Corfe – a picturesque village of white-painted cottages, overlooked by the iconic Corfe Castle.
Cranborne – a charming village of red brick and cob houses, which featured in Thomas Hardy’s novels as ‘Chaseborough’. The nearby Cranborne Manor is a Grade I listed country house.
Evershot – another village that featured frequently in Hardy’s literature, particularly in Tess of the d’Urbervilles. The neat little hilltop village is also the source of the River Frome. (Fun fact, the river is pronounced fr-oo-m to rhyme with room, and not to rhyme with home like you might think!).
Kimmeridge – the nearby bay is one of the loveliest spots along the coast of Dorset England. But the village of the same name is just as lovely, with attractive stone cottages. Nearby Clavell Tower is well worth a visit too.
- 20 of the Best Places to Eat in Dorchester
- 16 of the Best Places to Eat in Weymouth
- Dorset Food and Drink Gift Guide
- 30+ Dorset Farm Shops to Buy Amazing Local Produce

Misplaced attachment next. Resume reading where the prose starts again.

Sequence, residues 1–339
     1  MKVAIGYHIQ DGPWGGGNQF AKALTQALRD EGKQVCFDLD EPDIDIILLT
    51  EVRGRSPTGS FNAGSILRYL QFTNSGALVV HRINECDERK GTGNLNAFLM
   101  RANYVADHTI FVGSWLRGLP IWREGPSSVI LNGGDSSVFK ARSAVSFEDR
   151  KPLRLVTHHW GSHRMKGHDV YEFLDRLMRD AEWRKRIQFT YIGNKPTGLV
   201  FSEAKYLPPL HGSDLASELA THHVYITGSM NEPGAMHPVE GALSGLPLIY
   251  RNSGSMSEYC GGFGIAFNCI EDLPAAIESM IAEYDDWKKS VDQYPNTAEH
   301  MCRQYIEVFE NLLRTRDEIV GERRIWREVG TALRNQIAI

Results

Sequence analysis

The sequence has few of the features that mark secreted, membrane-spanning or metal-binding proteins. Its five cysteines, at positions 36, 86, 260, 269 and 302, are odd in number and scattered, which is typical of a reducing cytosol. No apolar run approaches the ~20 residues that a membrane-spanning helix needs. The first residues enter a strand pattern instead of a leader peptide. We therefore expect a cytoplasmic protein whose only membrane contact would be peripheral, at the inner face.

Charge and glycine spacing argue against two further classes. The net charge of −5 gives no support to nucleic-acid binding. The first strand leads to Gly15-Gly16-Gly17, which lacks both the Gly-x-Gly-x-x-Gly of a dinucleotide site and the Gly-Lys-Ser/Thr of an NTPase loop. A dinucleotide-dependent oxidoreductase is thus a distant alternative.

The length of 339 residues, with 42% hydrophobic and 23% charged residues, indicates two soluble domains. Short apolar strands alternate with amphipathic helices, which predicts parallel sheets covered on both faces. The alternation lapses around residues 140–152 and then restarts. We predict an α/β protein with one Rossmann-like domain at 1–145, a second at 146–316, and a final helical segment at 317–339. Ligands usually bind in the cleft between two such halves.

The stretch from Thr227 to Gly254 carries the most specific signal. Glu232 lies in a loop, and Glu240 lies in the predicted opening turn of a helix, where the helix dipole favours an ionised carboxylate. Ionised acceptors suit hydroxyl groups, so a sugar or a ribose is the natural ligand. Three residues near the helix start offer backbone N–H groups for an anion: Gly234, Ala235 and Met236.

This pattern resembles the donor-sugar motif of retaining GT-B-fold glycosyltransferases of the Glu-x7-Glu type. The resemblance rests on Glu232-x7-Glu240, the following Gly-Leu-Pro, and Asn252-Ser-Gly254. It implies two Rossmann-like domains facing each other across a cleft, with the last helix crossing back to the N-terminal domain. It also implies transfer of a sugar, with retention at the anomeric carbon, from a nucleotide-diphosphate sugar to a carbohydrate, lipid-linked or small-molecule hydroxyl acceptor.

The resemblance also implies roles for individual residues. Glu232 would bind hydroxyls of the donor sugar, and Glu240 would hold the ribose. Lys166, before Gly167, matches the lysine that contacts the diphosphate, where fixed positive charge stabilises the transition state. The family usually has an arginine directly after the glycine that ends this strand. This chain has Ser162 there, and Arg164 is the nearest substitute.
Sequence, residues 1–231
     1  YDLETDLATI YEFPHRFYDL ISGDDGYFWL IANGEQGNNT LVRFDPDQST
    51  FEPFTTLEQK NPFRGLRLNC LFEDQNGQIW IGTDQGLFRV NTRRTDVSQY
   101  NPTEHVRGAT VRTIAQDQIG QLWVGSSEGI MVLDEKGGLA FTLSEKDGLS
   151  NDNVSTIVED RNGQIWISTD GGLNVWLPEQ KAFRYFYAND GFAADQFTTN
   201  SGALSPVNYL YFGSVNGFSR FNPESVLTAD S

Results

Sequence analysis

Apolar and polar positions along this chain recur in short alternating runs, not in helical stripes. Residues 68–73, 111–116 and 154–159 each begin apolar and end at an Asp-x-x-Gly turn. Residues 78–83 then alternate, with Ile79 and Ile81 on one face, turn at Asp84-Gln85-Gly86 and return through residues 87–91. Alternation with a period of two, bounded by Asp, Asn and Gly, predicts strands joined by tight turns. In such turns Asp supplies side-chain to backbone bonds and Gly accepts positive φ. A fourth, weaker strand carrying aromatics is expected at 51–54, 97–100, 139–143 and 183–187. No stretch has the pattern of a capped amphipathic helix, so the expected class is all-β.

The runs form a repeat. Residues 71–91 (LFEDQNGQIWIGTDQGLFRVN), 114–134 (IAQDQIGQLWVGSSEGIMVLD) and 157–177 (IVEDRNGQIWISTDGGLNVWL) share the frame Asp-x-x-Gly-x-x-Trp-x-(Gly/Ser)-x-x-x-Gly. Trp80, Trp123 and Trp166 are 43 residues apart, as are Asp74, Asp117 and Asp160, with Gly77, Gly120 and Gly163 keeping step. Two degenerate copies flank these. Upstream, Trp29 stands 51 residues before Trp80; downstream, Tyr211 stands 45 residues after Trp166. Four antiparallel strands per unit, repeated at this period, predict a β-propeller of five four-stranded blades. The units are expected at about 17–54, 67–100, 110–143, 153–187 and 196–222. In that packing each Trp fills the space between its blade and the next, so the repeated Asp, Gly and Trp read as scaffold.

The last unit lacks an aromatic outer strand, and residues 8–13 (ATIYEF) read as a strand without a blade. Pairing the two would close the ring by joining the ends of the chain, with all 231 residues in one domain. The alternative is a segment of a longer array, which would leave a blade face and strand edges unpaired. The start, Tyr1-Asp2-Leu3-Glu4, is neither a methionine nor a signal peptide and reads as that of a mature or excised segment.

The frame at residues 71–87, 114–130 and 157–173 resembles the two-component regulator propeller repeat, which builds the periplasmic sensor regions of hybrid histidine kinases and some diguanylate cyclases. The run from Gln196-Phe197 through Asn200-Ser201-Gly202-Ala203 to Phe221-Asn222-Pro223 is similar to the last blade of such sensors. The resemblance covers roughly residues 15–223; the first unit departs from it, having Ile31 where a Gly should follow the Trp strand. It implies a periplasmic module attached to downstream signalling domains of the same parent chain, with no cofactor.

Dishes Unique to Dorset
Dorset Apple Cake – a sweet cake made with apple and cinnamon, and always served with a hearty dollop of clotted cream. Although apple cake is pretty universal, this recipe is unique to Dorset and was even named the county’s “national dish”.
Knob Biscuits / Dorset Knob – I can’t help smirking whenever I read the name Dorset knob! These are hard, crumbly little bread dough balls, often eaten with cheese. They’re definitely a unique treat to Dorset, England. We even throw an annual Knob Throwing Festival!
Dorset Blue Vinney – a strong blue cheese made following a 300-year-old family recipe!
Other Food You Must Try
Crab and Shellfish – Dorset is a coastal county, so it makes sense that our seafood is top-notch. So good, in fact, that we have an annual seafood festival, held along Weymouth’s harbour. Be sure to try the local crab, especially that caught off the coast of Portland.
Fish n Chips – Obviously not exclusive to Dorset, but I truly believe we have some of the best. And it’s definitely a must when at the coast!